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Engaging with comedy as social conscience in Terry Pratchett’s “Discworld”

Smith, ED (2016) Engaging with comedy as social conscience in Terry Pratchett’s “Discworld”. Doctoral thesis, Liverpool John Moores University.

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Abstract

This project sits within the field of popular culture, exploring the ways in which people read Terry Pratchett’s Discworld. The primary research objective was to ascertain whether political values encoded within the comedic text would be understood by its readers. An iterative mixed methods approach was used to gauge audience engagement. Of the potential audiences, there was an audience segment who rejected the text on generic (fantasy) grounds. Of those with a greater investment of time, in dramatic production, this led to resentment and a refusal to impute any significance to the text. Audiences of the productions who invested less time rejected the fantasy genre but accepted the significance of the text as they experienced it. Subsequent on-line research on the more engaged fan audience showed different levels of engagement. Among fans, there was a minority who enjoyed the text but rejected any real world significance. More often the fans described their Discworld favourites in terms that reflected a connection with their own lived experience. Specific themes emerged which were discussed in relation to the text: The accessibility of the comic protagonists is discussed in relation to models of masculinity in late modernity. Vimes was admired by all demographic groups, often as an aspirational figure, with 64% nominating him as a favourite. Transtextual relationships with the gothic articulate a female voice within the Discworld and shows how fans relate their own mortality to the Discworld character Death. The theme of personal social responsibility recurs in the Discworld and is discussed in relation to the macro level politics of terrorism and conflict. Discworld fans tended to be socially and politically active, the majority of the fan respondents felt that key socio-political themes were evident in the Discworld diegesis.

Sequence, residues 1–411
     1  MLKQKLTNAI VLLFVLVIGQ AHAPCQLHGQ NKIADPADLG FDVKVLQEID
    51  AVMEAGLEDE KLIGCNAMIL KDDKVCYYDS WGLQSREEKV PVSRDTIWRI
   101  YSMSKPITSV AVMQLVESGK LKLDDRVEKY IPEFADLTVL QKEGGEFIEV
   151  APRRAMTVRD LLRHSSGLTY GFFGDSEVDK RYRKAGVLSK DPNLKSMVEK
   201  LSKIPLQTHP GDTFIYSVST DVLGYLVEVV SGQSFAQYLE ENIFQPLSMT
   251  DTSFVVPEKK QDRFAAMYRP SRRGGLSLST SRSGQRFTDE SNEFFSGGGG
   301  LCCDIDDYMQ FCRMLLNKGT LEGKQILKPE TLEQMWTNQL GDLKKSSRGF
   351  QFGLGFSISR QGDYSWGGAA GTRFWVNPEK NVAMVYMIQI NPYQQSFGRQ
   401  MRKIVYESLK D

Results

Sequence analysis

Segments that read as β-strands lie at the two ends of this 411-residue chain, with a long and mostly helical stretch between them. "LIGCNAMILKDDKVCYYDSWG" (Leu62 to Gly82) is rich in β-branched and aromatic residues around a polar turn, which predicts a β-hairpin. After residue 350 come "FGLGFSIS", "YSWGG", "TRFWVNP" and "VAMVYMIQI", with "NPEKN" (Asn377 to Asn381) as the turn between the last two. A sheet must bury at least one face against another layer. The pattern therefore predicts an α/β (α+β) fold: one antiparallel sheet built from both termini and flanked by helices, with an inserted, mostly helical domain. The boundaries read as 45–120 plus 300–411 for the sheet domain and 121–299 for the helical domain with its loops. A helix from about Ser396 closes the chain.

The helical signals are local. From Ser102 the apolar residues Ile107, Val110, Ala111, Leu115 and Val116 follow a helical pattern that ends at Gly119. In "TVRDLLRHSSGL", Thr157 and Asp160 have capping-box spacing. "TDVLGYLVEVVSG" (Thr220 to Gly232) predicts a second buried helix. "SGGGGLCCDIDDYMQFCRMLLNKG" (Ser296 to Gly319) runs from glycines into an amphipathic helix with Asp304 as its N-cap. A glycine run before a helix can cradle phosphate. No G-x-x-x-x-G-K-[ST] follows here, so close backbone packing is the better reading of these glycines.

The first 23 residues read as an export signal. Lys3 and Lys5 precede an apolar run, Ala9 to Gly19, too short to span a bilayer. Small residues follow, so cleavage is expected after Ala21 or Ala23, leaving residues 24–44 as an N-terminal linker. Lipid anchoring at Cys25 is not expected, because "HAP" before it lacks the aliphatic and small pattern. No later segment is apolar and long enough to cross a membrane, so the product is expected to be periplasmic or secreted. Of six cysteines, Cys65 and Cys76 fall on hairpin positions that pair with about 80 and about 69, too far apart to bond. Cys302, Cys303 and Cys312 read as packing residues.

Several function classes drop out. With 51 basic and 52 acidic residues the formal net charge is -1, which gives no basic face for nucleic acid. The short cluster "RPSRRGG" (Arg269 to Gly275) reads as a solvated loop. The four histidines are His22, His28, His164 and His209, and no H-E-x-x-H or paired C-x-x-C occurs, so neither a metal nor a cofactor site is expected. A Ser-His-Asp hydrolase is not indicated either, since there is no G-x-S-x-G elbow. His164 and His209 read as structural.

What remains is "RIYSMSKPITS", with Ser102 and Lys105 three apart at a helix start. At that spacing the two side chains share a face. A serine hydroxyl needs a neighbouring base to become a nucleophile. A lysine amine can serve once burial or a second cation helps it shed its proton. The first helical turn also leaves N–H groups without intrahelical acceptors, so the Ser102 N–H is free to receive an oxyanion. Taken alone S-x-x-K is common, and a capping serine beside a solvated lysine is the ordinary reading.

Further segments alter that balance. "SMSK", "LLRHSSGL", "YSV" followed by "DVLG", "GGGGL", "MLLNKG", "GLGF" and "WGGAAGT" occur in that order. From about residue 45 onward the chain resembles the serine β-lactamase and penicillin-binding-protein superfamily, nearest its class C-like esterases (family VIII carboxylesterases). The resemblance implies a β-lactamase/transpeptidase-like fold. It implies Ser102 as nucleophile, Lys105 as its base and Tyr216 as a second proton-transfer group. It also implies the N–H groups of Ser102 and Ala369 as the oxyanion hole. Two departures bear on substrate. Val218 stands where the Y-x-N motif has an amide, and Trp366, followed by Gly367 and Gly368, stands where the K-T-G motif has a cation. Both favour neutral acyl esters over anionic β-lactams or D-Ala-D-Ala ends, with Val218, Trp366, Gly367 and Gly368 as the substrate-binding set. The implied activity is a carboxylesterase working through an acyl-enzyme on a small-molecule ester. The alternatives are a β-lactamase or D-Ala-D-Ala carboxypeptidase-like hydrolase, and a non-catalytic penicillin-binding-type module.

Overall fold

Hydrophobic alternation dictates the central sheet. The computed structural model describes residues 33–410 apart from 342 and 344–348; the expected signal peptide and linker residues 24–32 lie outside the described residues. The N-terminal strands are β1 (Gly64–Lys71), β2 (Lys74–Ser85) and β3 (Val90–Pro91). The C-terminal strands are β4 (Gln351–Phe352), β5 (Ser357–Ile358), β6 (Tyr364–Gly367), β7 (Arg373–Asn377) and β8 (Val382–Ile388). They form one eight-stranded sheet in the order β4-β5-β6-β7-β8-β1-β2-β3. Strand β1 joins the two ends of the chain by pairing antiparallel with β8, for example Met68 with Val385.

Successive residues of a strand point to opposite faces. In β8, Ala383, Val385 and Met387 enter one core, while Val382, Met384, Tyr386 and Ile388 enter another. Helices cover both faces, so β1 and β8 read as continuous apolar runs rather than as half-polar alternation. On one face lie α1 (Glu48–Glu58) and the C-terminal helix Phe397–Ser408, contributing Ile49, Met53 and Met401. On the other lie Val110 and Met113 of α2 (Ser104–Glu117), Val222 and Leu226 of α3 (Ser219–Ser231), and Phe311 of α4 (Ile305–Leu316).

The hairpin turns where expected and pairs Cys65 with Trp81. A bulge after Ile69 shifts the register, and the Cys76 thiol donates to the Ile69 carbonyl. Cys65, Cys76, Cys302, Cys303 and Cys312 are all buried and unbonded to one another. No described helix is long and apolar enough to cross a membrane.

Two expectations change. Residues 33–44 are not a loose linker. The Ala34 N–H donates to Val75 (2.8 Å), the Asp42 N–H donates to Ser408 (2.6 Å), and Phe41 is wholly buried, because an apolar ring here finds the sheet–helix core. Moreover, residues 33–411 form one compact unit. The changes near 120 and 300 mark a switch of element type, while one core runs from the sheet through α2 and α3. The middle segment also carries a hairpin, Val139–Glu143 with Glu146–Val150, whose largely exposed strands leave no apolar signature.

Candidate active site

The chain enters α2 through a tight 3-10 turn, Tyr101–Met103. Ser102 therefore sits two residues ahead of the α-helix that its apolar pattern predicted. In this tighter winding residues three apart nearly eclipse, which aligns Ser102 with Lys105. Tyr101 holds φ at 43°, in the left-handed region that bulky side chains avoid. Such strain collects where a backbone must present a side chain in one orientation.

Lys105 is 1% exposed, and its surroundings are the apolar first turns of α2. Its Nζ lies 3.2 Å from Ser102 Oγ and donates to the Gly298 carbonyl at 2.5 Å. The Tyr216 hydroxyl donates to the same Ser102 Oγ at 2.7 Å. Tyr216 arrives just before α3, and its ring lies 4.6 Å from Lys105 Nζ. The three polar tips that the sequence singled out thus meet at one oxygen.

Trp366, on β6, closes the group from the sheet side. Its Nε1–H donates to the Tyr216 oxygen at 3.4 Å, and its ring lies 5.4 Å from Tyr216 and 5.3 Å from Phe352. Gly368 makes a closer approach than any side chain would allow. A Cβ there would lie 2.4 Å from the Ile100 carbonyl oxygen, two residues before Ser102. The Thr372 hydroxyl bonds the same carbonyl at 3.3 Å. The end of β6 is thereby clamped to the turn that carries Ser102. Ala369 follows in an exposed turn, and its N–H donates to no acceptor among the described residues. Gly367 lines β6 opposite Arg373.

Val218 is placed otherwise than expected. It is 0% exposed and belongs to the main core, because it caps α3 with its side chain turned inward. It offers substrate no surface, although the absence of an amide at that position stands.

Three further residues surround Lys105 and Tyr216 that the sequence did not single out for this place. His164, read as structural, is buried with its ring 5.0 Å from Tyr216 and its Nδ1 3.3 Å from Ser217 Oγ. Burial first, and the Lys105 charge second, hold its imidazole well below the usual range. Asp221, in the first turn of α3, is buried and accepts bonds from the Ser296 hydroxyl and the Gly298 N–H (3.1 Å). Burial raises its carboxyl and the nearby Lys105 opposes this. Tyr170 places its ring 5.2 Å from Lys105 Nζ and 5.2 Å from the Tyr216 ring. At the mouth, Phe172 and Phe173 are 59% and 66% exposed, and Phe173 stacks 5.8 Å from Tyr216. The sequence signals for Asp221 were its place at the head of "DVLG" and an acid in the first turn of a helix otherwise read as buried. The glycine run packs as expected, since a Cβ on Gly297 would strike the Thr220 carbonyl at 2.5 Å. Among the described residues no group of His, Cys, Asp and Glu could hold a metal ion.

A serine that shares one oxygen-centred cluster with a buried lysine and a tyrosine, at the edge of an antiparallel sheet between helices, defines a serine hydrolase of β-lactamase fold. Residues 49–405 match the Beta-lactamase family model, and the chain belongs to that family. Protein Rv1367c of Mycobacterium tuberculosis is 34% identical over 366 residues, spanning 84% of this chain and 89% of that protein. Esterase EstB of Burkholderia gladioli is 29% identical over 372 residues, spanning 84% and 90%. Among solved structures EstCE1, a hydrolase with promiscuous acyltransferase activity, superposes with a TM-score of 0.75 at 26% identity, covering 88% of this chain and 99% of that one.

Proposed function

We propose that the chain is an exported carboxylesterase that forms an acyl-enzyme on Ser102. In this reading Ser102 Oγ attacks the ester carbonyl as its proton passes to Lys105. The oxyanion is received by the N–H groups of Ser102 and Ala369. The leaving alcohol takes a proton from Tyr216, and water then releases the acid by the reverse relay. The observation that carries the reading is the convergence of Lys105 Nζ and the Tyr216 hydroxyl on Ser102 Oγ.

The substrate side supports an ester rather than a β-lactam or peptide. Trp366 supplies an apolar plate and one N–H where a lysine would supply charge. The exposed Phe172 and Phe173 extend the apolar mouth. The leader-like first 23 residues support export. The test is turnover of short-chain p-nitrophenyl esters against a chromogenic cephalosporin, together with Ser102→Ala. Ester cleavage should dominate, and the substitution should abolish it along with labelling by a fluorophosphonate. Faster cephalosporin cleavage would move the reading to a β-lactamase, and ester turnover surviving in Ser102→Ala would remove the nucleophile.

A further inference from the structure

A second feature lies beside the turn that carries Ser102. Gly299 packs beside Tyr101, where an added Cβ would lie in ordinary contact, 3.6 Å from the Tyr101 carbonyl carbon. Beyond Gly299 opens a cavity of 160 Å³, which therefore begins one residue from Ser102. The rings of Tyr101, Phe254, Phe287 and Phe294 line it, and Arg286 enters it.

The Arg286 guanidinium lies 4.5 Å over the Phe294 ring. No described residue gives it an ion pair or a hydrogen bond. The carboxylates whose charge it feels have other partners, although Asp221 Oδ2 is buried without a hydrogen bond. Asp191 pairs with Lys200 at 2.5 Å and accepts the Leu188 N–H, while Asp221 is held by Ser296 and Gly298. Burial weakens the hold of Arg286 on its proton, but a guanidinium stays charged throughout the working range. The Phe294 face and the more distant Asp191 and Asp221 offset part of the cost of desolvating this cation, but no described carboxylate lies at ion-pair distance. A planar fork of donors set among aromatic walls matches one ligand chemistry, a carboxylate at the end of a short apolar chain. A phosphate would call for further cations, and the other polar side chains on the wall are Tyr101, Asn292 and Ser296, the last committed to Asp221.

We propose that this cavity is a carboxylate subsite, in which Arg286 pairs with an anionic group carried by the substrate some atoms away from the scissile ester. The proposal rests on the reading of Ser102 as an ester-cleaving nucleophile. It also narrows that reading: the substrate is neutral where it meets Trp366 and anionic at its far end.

Item Type: Thesis (Doctoral)
Subjects: H Social Sciences > H Social Sciences (General)
P Language and Literature > PN Literature (General)
Divisions: Humanities and Social Science
Date Deposited: 17 Jan 2017 13:02
Last Modified: 17 Jan 2017 13:02
Supervisors: Moody, NA
URI: http://researchonline.ljmu.ac.uk/id/eprint/5260

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